Stone: Who engineered the situation?
Mikulska: This situation was engineered as such that whether or not there would be a problem, that transit, right? And at the time when it was most convenient for Russia, obviously. So, they were saying, “Well, you know what? We need another route out of supply. We need diversity of routes of supply that will encourage energy security.” Whereas, this Eastern Europe, central and Eastern Europe, particularly Poland, Lithuania and other countries as well, Czech, Slovakia to some extent, they were saying, “Look, you cannot just have Russia supply your energy. You have to get some other sources of energy.” So, it’s not only the diversification of Russia supply, but also diversification of suppliers. And those regions actually have pushed for it. If you ever look at the map of pipelines in Europe, look at the 2010/2014 timing and you will see how different they are when they go through from Russia through Eastern Europe, we’ll see those parallel lines they’re not connected to each other. They just cross those territories. They are there to support the western part and part of the gas ends up in those countries that are being transit territories like Ukraine, Poland, Belarus, Czech and so on.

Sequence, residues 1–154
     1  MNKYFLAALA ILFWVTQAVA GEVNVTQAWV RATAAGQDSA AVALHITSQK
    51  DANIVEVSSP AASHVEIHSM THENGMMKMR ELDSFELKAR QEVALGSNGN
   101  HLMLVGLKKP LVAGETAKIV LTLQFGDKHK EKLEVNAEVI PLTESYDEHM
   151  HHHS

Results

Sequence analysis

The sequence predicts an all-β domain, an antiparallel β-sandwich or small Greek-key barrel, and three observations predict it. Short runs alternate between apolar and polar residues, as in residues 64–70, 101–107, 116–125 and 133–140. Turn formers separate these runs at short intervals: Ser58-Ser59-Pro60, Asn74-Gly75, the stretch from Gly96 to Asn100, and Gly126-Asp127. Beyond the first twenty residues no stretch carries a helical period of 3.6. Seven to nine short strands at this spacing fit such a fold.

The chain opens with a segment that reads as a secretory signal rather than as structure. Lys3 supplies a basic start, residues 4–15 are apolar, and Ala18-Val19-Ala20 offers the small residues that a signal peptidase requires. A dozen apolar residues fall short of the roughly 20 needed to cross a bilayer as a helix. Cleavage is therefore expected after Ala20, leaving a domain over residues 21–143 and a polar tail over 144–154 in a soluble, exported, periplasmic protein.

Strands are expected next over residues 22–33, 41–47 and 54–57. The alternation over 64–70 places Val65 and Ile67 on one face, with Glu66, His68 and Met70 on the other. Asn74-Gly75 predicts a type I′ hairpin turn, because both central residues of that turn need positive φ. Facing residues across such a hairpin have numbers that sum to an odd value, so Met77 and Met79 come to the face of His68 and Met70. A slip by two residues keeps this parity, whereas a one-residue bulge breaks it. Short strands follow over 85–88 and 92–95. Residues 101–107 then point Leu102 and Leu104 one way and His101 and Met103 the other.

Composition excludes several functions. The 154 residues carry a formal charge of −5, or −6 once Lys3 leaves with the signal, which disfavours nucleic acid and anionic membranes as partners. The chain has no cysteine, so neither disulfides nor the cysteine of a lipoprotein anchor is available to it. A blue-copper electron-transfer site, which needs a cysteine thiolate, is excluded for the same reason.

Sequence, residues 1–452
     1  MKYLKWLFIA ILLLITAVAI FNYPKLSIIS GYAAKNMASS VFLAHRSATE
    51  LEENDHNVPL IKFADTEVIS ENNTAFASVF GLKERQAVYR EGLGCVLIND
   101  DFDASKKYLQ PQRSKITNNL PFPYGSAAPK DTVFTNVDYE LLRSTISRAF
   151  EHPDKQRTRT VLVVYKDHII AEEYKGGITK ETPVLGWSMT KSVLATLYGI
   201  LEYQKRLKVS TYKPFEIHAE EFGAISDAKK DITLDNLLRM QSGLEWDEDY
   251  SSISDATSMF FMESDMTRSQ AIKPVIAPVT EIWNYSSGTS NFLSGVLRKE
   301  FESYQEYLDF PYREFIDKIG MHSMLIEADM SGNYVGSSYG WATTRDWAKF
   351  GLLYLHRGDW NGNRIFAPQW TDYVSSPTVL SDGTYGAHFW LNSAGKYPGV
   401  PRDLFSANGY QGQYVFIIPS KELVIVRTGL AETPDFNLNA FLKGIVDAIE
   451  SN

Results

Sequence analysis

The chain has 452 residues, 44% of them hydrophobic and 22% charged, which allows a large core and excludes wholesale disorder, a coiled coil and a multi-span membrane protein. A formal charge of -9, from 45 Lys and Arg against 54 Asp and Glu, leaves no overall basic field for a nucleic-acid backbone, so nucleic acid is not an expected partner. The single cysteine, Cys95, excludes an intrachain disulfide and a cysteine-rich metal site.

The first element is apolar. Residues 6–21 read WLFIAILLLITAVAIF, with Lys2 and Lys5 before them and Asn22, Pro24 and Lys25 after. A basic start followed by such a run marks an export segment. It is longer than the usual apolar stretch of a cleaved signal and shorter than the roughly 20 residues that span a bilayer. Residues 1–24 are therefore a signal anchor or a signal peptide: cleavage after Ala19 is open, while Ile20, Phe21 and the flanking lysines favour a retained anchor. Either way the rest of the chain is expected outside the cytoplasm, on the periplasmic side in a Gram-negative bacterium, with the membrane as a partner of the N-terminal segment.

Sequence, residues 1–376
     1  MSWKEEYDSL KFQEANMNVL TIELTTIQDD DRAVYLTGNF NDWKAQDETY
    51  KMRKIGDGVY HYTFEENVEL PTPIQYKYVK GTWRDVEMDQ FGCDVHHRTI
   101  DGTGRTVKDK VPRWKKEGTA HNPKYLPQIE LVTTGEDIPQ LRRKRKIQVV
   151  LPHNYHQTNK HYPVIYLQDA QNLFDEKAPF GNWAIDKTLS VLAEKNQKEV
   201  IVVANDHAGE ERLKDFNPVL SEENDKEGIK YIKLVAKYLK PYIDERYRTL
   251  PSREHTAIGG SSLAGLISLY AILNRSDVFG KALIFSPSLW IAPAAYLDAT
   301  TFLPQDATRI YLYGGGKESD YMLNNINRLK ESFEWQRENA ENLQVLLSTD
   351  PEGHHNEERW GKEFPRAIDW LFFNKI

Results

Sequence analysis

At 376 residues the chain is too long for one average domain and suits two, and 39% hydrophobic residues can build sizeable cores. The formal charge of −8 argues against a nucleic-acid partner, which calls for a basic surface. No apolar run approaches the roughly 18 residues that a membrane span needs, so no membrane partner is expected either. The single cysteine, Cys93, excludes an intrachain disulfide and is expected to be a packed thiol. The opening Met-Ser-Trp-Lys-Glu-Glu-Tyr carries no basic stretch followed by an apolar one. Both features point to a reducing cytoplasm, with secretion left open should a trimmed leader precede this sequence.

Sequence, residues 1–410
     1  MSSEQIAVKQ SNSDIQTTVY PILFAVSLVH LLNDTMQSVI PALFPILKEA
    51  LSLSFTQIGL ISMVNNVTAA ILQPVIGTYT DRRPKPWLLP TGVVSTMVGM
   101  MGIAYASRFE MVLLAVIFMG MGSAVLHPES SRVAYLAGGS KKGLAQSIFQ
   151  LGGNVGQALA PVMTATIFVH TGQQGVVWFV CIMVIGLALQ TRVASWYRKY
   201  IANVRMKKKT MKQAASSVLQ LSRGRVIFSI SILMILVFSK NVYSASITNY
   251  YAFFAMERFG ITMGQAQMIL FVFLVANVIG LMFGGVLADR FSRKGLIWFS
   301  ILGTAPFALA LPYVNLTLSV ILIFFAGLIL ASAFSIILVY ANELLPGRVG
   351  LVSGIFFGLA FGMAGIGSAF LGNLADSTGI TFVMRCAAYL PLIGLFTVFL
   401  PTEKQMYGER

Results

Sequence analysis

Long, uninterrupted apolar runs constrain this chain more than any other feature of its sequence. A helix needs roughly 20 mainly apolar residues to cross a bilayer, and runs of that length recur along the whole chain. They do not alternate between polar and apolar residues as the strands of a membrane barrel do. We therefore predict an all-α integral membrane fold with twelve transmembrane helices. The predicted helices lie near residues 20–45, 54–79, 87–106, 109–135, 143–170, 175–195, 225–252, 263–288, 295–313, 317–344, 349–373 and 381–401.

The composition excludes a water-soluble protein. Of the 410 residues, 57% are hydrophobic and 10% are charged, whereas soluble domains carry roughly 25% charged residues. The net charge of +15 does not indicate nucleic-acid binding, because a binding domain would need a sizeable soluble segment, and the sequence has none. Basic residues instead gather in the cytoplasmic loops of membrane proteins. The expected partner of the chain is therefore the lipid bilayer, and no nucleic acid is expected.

And then as soon as those pipelines hit Western Europe, Germany, they become a net almost like a web of pipelines. They’re being interconnected. And there are more connections to more suppliers. So Western Europe has always had more suppliers. They had Iberian, Norway and Iberian Peninsula has a huge amount of LNG capacity. Unfortunately, not very well connected to the rest of the continent. So that’s one big issue. But in central eastern Europe, those countries knew what’s going on. They haven’t been dependent on Russia for a very long time, and they know what it could mean. So, they were saying, “Well, you really need to think about this. You cannot just put all your eggs in one basket. You cannot really rely on Russia because Russia is great with fussing what looks like commercial actions at the time when is the most convenient.” And so, when you actually consider their background information, those commercial actions are not so commercial anymore. So, you cut off gas at the end of cold winter or you ask for money at the end of cold winter knowing that somebody cannot pay you.